U.S. could redirect funds to schools that don’t close during pandemic

Susan Heavey:

“If schools aren’t going to reopen, we’re not suggesting pulling funding from education but instead allowing families … (to) take that money and figure out where their kids can get educated if their schools are going to refuse to open,” Betsy DeVos told Fox News in an interview.

DeVos, a proponent of private and religious education who has long pushed “school choice,” gave no details on the plan.

U.S. schools are scrambling to prepare for the academic year even as the surging pandemic has topped 3 million confirmed cases. President Donald Trump has accused those cautious about his call for reopening schools fully of attacking him politically, but he has not disclosed a federal plan to coordinate the effort.

Local administrators must weigh the needs of children, families, teachers and staff. In addition to health concerns about the highly contagious and potentially fatal disease, the economic consequences are vast. Many working parents rely on schools for child care as well as education.

It was unclear how the administration planned to redirect federal education dollars. The U.S. Congress would have to approve any change, which would likely face resistance by Democrats who control the House of Representatives.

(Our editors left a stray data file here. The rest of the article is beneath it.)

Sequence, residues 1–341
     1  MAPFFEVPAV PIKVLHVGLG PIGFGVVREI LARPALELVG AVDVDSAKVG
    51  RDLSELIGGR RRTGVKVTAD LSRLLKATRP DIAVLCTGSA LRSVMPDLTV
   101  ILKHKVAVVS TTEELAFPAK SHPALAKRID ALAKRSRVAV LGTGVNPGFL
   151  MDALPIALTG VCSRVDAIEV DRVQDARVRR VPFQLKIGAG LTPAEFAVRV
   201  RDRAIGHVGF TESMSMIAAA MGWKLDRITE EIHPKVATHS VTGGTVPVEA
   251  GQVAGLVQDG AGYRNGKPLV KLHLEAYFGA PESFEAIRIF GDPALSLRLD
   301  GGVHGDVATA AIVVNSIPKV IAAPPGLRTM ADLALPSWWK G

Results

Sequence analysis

House Speaker Nancy Pelosi said everyone wants to open schools “but it must be safe for the children.”

Teachers unions in largest districts call on Wisconsin Governor Tony Evers to require schools start virtually

2017: West High Reading Interventionist Teacher’s Remarks to the School Board on Madison’s Disastrous Reading Results

Madison’s taxpayer supported K-12 school district, despite spending far more than most, has long tolerated disastrous reading results.

My Question to Wisconsin Governor Tony Evers on Teacher Mulligans and our Disastrous Reading Results

“An emphasis on adult employment”

Wisconsin Public Policy Forum Madison School District Report[PDF]

Commentary on K-12 Governance and fall 2020 plans.

Booked, but can’t read (Madison): functional literacy, National citizenship and the new face of Dred Scott in the age of mass incarceration